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Before modern technology allowed astronomers to determine the exact distances between the Earth and other objects in the solar system, they had to rely on alternative methods to make these measurements. Two scientists who made some of these early measurements were Johannes Kepler and Giovanni Cassini. Kepler used the time of a planet’s orbit to determine the relative distance between the Earth and other objects, while Cassini used the parallax method to estimate distances. Johannes Kepler was born in 1571 in a small town called Weil der Swadt in Swabia, Germany and is well known for discovering the three laws of planetary motion. In 1589 he began his college level education in Tubingen at the Protestant university there. In his graduate studies, Kepler was taught by Michael Maestlin, a mathematical professor, who was one of the first believers of the heliocentric theory by Copernicus. This helped shaped his beliefs on the solar*…show more content…*

Kepler then went on to become a professor of mathematics himself at the Protestant seminary in Graz. There, Kepler taught arithmetic, geometry, Virgil and rhetoric and in his free time pursued astronomy and astrology. Kepler published an essay called The Cosmographic Mystery in 1597 where he used the five known regular solids to determine the distances of the planets from the Sun by assuming that a planet’s orbit was simultaneously circumscribed and inscribed in another. In 1600, Kepler became Tycho Brahe’s assistant. Tycho Brahe built instruments to measure the positions of the planets. Together they calculated the orbits of the planets. After Tycho Brahe’s death, Kepler took over his studies and was appointed Imperial Mathematician (the highest position in the field of mathematics in Europe). In 1609,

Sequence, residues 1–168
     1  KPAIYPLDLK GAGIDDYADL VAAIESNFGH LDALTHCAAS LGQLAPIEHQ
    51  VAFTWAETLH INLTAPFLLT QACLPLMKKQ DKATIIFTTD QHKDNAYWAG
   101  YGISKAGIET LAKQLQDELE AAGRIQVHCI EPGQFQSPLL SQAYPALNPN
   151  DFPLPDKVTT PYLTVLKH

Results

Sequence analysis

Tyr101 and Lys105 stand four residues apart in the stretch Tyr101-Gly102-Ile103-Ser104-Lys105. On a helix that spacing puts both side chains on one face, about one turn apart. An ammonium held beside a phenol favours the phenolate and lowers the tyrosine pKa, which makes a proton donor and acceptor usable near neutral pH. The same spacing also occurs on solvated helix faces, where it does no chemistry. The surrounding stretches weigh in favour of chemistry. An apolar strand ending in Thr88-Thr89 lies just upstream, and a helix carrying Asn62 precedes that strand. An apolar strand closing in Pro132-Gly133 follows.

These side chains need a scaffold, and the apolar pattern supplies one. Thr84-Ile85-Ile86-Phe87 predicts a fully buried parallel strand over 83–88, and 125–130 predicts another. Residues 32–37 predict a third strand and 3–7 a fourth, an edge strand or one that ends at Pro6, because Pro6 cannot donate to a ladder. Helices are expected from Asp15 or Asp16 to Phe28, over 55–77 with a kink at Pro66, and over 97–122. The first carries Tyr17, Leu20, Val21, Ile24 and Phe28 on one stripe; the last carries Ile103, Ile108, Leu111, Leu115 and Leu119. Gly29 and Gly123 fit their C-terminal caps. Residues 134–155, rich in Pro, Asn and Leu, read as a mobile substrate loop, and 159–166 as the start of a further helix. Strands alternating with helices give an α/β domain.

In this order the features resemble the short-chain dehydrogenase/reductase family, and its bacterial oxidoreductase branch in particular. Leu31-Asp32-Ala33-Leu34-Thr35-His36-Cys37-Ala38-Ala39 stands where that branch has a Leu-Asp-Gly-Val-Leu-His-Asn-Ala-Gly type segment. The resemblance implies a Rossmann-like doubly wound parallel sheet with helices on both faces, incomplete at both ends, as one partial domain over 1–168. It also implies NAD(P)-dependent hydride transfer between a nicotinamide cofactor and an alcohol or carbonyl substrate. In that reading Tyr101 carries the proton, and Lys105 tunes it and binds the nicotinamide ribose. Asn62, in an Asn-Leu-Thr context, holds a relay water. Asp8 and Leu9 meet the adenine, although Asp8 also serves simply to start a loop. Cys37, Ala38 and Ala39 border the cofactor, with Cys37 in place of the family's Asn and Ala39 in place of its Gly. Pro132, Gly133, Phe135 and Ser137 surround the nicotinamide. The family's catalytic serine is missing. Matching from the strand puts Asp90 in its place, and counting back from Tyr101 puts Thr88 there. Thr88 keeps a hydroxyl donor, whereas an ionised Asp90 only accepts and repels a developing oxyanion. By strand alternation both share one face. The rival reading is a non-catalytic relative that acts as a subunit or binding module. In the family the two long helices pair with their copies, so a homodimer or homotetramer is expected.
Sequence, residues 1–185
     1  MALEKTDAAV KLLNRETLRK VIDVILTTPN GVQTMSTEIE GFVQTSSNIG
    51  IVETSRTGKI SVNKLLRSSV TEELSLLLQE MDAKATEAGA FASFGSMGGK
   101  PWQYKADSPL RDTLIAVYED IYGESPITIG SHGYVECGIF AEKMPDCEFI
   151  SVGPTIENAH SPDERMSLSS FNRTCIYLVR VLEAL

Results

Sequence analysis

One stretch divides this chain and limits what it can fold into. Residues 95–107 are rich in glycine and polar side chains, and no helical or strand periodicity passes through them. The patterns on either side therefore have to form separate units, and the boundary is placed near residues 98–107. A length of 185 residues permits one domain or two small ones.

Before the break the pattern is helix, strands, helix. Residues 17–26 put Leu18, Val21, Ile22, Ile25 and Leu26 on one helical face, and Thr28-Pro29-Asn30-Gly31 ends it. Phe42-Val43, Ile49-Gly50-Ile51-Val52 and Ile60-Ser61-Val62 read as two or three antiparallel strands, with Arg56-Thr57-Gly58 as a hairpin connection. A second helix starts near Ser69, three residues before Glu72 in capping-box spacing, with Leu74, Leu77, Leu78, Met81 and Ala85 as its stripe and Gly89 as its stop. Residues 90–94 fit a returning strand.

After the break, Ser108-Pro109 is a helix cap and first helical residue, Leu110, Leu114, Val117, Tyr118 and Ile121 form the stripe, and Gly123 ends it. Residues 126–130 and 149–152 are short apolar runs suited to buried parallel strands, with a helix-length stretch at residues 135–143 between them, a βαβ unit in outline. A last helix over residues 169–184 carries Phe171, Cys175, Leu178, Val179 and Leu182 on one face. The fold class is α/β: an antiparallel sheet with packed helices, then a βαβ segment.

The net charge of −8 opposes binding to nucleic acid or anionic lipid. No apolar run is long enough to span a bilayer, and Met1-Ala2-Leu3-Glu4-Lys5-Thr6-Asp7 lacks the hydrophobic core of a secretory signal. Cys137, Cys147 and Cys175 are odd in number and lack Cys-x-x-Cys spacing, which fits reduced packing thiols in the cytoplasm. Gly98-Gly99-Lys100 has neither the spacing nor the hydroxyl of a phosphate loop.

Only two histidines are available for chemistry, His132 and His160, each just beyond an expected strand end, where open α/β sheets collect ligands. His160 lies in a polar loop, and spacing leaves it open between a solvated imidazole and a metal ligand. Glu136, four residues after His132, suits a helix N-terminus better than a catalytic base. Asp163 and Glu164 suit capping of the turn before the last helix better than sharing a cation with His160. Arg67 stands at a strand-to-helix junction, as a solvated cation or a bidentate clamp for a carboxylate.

Kepler then went on to become a professor of mathematics himself at the Protestant seminary in Graz. There, Kepler taught arithmetic, geometry, Virgil and rhetoric and in his free time pursued astronomy and astrology. Kepler published an essay called The Cosmographic Mystery in 1597 where he used the five known regular solids to determine the distances of the planets from the Sun by assuming that a planet’s orbit was simultaneously circumscribed and inscribed in another. In 1600, Kepler became Tycho Brahe’s assistant. Tycho Brahe built instruments to measure the positions of the planets. Together they calculated the orbits of the planets. After Tycho Brahe’s death, Kepler took over his studies and was appointed Imperial Mathematician (the highest position in the field of mathematics in Europe). In 1609,

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